- I ask a question like this to as many people as possible – how do you think the arts will be impacted due to the pandemic, and what can people do to help?
From what I’ve seen and heard, many creatives have lost presentation work, which really supports us more than book royalties. On top of that, they’ve lost launch opportunities and book sales because book stores have had to close or don’t have any foot traffic due to self-isolation and lockdown restrictions. Then you have the potential for publishing contracts and new releases to be stalled or cancelled altogether. I haven’t heard much on that front yet, but it may happen.
The other impact is that, although many people have found themselves at home more and you’d think this means more writing time, the worry and stress of the virus or of losing income has depleted any ability to focus on creativity. Many authors like myself also have children who need to be home schooled, so we’re busier than ever before, but not with our writing.
There have been many negative impacts of COVID on the writing industry, as there have been for many industries. I think the main thing to focus on is that the restrictions and ‘hibernation’ won’t last forever and that if we can stay healthy and well, then we can pick ourselves up and carry on. Hopefully soon. And hopefully without losing too many talented creatives to the virus.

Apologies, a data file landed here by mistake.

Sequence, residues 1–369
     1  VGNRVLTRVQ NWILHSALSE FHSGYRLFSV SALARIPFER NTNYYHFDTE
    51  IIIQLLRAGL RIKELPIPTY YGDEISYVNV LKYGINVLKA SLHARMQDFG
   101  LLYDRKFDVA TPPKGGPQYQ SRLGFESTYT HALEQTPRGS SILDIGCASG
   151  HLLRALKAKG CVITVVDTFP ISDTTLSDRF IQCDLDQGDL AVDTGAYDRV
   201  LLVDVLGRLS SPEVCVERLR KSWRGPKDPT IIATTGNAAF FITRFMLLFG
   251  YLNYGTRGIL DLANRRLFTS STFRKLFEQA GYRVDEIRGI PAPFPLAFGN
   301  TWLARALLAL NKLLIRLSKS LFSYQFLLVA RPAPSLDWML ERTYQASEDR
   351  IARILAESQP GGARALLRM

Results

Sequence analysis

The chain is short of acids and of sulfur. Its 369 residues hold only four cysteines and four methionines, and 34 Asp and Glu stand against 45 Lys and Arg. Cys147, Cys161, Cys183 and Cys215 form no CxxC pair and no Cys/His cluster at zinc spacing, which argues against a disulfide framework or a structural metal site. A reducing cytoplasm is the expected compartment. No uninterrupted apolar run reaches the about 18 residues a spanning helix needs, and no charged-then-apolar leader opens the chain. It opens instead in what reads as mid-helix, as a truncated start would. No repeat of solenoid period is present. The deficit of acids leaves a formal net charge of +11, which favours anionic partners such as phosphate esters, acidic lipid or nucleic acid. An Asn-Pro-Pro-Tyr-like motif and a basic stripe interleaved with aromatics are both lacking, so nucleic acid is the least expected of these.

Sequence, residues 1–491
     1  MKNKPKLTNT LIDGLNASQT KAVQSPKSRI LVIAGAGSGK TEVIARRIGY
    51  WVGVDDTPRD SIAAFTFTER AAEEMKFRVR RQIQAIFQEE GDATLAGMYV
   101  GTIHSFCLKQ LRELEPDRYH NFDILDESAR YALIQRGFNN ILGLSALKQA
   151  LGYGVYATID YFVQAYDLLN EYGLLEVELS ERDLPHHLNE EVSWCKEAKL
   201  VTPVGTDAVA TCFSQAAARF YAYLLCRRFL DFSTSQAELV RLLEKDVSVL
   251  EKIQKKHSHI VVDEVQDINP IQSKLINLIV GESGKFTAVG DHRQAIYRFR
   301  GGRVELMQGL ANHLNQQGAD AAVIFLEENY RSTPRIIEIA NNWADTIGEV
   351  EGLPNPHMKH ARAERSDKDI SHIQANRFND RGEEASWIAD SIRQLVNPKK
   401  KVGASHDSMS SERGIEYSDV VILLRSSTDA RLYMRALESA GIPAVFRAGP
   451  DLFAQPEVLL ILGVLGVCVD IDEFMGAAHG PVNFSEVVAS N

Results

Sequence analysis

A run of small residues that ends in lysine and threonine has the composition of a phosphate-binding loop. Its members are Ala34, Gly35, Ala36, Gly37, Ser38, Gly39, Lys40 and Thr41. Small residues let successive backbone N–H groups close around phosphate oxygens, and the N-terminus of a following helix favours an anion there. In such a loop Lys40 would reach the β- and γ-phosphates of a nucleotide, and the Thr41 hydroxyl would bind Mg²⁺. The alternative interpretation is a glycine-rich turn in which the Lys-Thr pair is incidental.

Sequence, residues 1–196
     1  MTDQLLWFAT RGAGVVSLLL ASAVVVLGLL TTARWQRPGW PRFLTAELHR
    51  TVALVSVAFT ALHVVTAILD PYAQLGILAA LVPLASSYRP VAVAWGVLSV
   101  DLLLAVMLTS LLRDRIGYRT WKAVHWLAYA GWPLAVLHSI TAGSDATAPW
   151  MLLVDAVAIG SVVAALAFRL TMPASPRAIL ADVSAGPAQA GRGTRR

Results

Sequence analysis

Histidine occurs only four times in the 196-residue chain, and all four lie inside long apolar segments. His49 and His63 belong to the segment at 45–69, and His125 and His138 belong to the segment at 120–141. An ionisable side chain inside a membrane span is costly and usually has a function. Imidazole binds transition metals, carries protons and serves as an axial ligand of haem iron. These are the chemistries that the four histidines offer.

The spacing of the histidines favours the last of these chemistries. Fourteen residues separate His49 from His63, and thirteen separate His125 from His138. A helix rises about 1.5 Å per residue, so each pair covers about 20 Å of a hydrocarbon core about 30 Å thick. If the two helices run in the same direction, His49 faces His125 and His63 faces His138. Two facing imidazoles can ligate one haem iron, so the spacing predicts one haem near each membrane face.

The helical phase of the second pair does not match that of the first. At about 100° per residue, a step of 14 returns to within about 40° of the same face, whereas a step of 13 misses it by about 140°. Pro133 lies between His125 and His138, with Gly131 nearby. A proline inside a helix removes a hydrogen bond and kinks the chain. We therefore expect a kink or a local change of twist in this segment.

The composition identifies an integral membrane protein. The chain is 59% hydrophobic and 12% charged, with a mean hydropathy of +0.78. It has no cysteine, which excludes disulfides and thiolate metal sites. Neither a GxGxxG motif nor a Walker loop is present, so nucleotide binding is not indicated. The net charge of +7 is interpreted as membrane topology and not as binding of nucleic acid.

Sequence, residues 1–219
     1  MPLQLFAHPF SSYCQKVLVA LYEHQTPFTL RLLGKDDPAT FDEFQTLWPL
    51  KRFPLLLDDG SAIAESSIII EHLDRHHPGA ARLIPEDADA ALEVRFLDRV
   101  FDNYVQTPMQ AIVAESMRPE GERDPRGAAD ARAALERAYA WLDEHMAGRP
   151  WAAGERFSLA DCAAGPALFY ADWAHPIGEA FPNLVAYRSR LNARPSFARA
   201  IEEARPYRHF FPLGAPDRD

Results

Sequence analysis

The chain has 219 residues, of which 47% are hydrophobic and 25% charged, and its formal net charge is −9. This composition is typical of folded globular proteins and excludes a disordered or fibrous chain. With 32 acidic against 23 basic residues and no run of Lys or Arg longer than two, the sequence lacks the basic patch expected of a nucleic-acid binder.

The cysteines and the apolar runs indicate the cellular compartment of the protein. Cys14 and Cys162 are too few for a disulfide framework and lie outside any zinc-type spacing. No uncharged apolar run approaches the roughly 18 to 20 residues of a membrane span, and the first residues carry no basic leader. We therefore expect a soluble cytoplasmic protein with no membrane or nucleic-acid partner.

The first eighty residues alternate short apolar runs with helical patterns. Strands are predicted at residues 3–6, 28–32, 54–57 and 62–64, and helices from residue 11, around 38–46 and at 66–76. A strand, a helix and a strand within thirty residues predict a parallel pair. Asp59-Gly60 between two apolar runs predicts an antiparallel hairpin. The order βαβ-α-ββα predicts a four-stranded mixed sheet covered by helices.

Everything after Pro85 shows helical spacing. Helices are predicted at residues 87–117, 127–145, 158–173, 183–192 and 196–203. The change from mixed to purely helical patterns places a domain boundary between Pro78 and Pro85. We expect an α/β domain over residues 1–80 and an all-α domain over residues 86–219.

Social media and Zoom have been lifesavers in keeping us connected and supporting one another. The Australian children’s writing industry is a tight-knit group, so those connections are helping many us hang in there.
- Do you have a favourite local bookseller, and why this one in particular?
I’ve been supported by many booksellers over my career, so they’re all absolutely wonderful, they’re the life-blood of our industry. They work so hard! If I could name a few Sunshine Coast local ones it would be QBD Kawana, Harry Hartog Maroochydore, Annie’s Books on Peregian, Pages & Pages Noosa, and The Little Book Nook in Palmwoods.
- When not writing, what do you enjoy doing or reading?
I have a penchant for detective and crime stories and also Stephen King! I do tend to read a lot of children’s books too and I’m a sucker for a clever picture book.
- Finally, will there be more League of Llamas books for younger readers to enjoy?
Absolutely! Books 3 and 4 come out on 3 July. If kids and parents want to grab copies, they can order via www.penguin.com.au or they can visit QBD, Harry Hartog, and other booksellers OR purchase online at Amazon or Booktopia. Go the llamas!
Anything I may have missed?
That’s it, thanks so much Ashleigh!